This File Last Updated: 2001/11/25


Religion


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Throughout its history, Belarus has always had a large variety of people of various national and ethnic backgrounds, and there should be no surprise that there have always been a wide range of religious organizations as well.

There are many other Internet resources about the world's religions and the following list does not attempt to be exhaustive. I refer you to the various search tools and other Internet forums to locate such information. Also, search your list of usenet newsgroups for groups containing the word "religion" as well as the name of the religion you are interested in.

Among the organizations currently providing much-needed aid in Belarus related to the aftermath of the   Chornobyl disaster,   there are also evangelical Christian organizations.


The following US State Dept. essay is from September, 2000:   U.S. Department of State Annual Report on International Religious Freedom for 2000.   (Released by the Bureau for Democracy, Human Rights, and Labor Washington, DC, September 5, 2000)

Although somewhat dated, the following excerpt may be of some interest:   Belarus: Religious Freedom.   (On the RFE/RL Web site; an excerpt from a longer US State Dept. essay of 1997.)

The following US State Dept. essay is from 1999:   U.S. Department of State Annual Report on International Religious Freedom for 1999: Belarus.   (Released by the Bureau for Democracy, Human Rights, and Labor Washington, DC, September 9, 1999)



General



Christian - within Belarus

Orthodox Christian

Introductory Notes: Religious theology among the various Orthodox Christian factions is very similar. However, religion in Belarus has always been political.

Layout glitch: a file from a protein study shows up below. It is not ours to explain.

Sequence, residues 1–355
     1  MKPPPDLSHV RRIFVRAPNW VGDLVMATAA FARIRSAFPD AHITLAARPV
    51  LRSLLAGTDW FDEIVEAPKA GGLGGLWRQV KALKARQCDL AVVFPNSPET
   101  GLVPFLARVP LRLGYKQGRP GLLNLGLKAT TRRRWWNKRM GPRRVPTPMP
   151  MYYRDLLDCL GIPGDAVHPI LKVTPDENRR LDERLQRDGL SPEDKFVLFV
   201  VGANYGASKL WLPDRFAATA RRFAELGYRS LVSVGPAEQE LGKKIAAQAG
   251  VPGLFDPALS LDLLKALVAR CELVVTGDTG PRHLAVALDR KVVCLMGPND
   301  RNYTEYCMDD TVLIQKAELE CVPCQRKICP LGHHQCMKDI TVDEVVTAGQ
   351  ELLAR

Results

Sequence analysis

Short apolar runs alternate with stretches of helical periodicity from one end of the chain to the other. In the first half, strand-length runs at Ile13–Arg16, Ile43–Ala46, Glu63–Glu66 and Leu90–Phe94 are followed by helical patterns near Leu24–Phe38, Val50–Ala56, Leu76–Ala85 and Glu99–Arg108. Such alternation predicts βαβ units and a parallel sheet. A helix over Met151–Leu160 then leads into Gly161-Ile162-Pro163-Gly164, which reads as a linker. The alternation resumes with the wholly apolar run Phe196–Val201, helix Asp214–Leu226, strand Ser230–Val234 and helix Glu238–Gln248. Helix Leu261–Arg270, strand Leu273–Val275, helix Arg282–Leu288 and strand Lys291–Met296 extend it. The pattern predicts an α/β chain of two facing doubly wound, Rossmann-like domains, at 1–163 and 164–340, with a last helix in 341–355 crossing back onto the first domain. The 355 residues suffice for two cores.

An independent Orthodox Christian church has not existed in Belarus since the late 18th century. In the late 19th century, about the time of Belarusian nationalistic uprisings, including those led by Kastus Kalinouski, people were forcibly converted to the Russian Orthodox religion, and churches were built in many villages, as part of Russification. They have always espoused pro-Russian political ideology, whether Czarist, Soviet, or Lukashism, and up through the present, they have included agents of the Soviet/Russian intelligence service.

Today (2001), the Russian Orthodox church in Belarus has a favored position in many ways. Other religions are often persecuted at the hands of the government. It is also alleged to be the largest importer of tax-free cigarettes and alcohol, and the personal wealth of the church's leader, Metropolitan Filaret, is said to be second only to Mr. Lukashenka and his cronies.



Christian - outside of Belarus (emigre)


Islam - within Belarus


"According to Mr (Ismail) Aleksandrovich, mufti of Belarus' Islamic community, there are now about 44,000 Muslims, including about 20,000 Azerbaijanis, 12,500 Tatars, 5,000 Uzbeks, nearly 2,500 Kazakhs, appoximately 2,000 Tajiks and Turkmens, and about 1,500 Arab students.

"The country also has four mosques (in Ivye, Novogrudok [Navahradak], Slonim, and Smilovichi). 'We will soon have a fifth mosque, as the Muslim community in the settlement of Vidzy in the Braslav district of the Vitebsk region has been given a building for this purpose,' Mr Aleksandrovich added."     Source: BelaPAN, No. 94; Tuesday, July 28, 1998; 7:50 p.m.


Islam - outside of Belarus (emigre)



Judaism - within Belarus

"At the turn of the century, over 50 percent of the population of Mensk, Hrodna, Mogiliev, and Viciebsk were Jewish (98 percent of native Belarusians lived in the countryside). Today, Jews consititute one percent of the national population."       Information from the Minsk in Your Pocket guide, Summer, 1997, page 30; Winter, 1997-98, page 31.

See the Jewish Links section for related information.









Judaism - outside of Belarus (emigre)




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